Creating Three-dimensional Villains: Lessons From Buffy and Firefly

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three-dimensional villains

When writing your next villain, take care to give him/her as much attention to detail and backstory as your protagonist. TV’s Buffy and Firefly provide some great examples of well-developed, three-dimensional villains to use as inspiration.

In “Slang Can Help Create Your World,” I focused on great writing on TV — and specifically on Buffy-and-Firefly-creator Joss Whedon’s use of slang. This post focuses on Whedon’s ability to create memorable and fascinating villains.

As I wrote in “Create a Villain Your Readers Will Loathe,” a great villain (Darth Vader, Hannibal Lecter, etc.) can be the star of the proverbial show, and what’s more, you can use them to make your protagonist great. In Buffy the Vampire Slayer and Firefly, Joss Whedon created villains who are some of the series’ most interesting characters. He also used them to present his protagonists (and viewers) with interesting moral dilemmas.

The villains of Buffy

In the very first scene of the very first Buffy episode, “Welcome to the Hellmouth,” Whedon uses a villain to set the tone for the entire series.

He flips the script and subverts expectations. The young blonde girl isn’t going to be the victim in this show.

Throughout Buffy, we see all kinds of monster-of-the-week villains who run the gamut from being silly — almost worthy of a Sid and Marty Krofft Saturday-morning TV show — to the genuinely horrifying (e.g. the Gentlemen from “Hush”). But it’s the season-long “big bad” characters who are the most memorable and fleshed out. In this cartoon world with silly monsters, the Big Bads offer up humor, introspection, compassion, and even genuine affection.

Of all the Big Bads in Buffy, my favorite is Mayor Wilkins, from season three. Unlike The Master from season one — a more-typical Hollywood vampire arch-villain — Mayor Wilkins seemed like the dad from a ‘50s sitcom. He was genuinely charming and funny and constantly promoting family values. (“There’s nothing uncool about healthy teeth and bones,” “Boys? Let’s watch the swearing”). He would be plotting the end of the world one minute and following it up with “Gosh, but I’m feeling chipper! Who’s up for a root beer?”

Of course, charming, atypical villains are nothing new. What set the Mayor apart was his genuine affection for Faith, the other slayer on the show. Unlike every other male figure in Faith’s life, the Mayor does not want a sexual relationship with her and he overtly treats her like his daughter. Because we know the Mayor is evil — someone who is actively planning to literally eat the people of Sunnydale — we keep expecting there to be a moment when he lets Faith down or reveals that he has just been using her. But he never does. He genuinely cares for her, and it’s disarming to the viewer.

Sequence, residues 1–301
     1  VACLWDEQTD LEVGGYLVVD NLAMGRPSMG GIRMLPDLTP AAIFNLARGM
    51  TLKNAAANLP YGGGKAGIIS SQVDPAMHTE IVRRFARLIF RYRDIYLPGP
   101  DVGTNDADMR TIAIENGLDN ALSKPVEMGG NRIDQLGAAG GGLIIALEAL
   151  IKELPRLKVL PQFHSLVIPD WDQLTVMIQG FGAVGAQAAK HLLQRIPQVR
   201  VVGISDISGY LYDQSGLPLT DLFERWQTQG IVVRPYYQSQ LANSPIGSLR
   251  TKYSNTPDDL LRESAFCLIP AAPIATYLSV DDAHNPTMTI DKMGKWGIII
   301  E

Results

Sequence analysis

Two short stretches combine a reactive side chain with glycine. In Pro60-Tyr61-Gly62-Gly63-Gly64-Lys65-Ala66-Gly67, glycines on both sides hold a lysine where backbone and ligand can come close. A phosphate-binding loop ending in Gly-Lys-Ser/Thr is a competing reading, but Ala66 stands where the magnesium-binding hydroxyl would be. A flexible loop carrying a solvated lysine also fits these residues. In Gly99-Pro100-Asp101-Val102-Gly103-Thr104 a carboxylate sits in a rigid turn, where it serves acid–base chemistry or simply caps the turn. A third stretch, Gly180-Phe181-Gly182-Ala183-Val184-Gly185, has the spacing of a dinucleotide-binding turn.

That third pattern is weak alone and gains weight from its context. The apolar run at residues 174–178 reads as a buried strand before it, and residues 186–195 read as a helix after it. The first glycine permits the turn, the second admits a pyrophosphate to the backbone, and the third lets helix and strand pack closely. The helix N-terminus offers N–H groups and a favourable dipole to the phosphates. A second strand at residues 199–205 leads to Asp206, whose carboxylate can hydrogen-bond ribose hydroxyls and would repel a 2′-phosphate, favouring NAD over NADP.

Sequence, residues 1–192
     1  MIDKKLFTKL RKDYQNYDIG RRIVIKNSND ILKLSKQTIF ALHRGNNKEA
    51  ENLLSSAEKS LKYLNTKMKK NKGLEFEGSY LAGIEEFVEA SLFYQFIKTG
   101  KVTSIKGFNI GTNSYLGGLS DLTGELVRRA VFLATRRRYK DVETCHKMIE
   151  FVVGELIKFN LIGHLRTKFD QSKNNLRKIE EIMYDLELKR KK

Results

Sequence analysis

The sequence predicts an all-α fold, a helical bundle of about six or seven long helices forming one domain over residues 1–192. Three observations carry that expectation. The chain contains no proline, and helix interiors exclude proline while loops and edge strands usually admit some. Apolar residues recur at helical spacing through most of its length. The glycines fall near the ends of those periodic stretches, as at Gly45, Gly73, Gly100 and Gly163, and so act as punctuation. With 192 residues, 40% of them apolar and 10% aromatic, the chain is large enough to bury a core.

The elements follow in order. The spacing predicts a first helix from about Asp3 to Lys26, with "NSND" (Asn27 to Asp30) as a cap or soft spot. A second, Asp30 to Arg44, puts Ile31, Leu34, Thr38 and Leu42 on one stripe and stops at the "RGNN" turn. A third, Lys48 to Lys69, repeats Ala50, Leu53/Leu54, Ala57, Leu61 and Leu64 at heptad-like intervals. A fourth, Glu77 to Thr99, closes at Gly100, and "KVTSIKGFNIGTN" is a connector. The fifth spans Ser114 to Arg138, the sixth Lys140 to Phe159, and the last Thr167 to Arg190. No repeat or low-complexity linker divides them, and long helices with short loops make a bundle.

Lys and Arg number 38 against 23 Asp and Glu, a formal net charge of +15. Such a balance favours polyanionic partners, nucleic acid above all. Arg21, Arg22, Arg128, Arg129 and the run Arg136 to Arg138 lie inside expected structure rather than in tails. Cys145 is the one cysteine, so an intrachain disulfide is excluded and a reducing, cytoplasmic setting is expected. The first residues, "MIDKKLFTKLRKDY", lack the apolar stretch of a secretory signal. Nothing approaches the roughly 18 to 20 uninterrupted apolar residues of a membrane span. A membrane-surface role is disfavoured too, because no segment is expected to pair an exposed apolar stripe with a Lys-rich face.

This video isn’t great, but it offers up a selection of Faith and Mayor scenes.

The Mayor isn’t the only Buffy villain who displays affection. There are Spike and Drusilla, of course, but another favorite of mine is D’Hoffryn. He has a complicated, fatherly relationship with his vengeance demons. He’s caring and reassuring, and this affection makes his occasional act of cruelty that much more horrifying.

The villains on Buffy have familial relationships that are every bit as complicated and layered as the heroes’, which helps make the show more compelling than it has any rights to be. It makes this seemingly silly universe believable.

The villains of Firefly

Firefly offers up a different set of villains. There are no aliens or monsters in this show (aside from the Reavers). Instead, we get mobsters, con-artists, bureaucrats, thieves, and government agents. There are no familial structures. These villains have no affection for anyone other than themselves. So, how does Whedon make them compelling?

One way: he makes them truly terrifying. Like Jubal Early, from the last episode of the series. Early is cold, calculating, and unhinged, often given to asking random, pseudo-philosophical questions (“They make psychiatrists get psycho-analyzed before they can get certified, but they don’t make a surgeon get cut on. Does that seem right to you?”).

But it’s his cavalier attitude towards violence that makes him truly terrifying, as we see in his first encounter with Kaylee (you can skip to the 19-minute mark in the video).

As memorable as Early is, I think the Operative from the movie Serenity is even more fascinating. As we see here in his first scene, he’s polite, calm, earnest, and honorable. In no way are you expecting what comes next. For my money, this is one of the best character introductions I’ve seen in years. (It doesn’t hurt that the Operative is played by the incredible Chiwetel Ejiofor.)

Zoe tells Mal what makes the Operative truly terrifying is that he’s a believer, as we see in this pivotal conversation with Mal:

How many villains are this monstrous, sad, and self-aware? This is no one-dimensional arch villain. This is a fleshed out character with realistic motives. We may not agree with his values (or his methods) but we understand where he’s coming from, and it makes him a formidable presence.

When writing your next villain, take care to give him/her as much attention to detail and backstory as your protagonist. More, even.

 

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Writing Lessons From TV: Slang Can Help Create Your World
Create a villain your readers will loathe
Writing three-dimensional characters
How much physical description is enough when you create characters?
The Drama Is In The Details (the humor, horror, and suspense are too)

 

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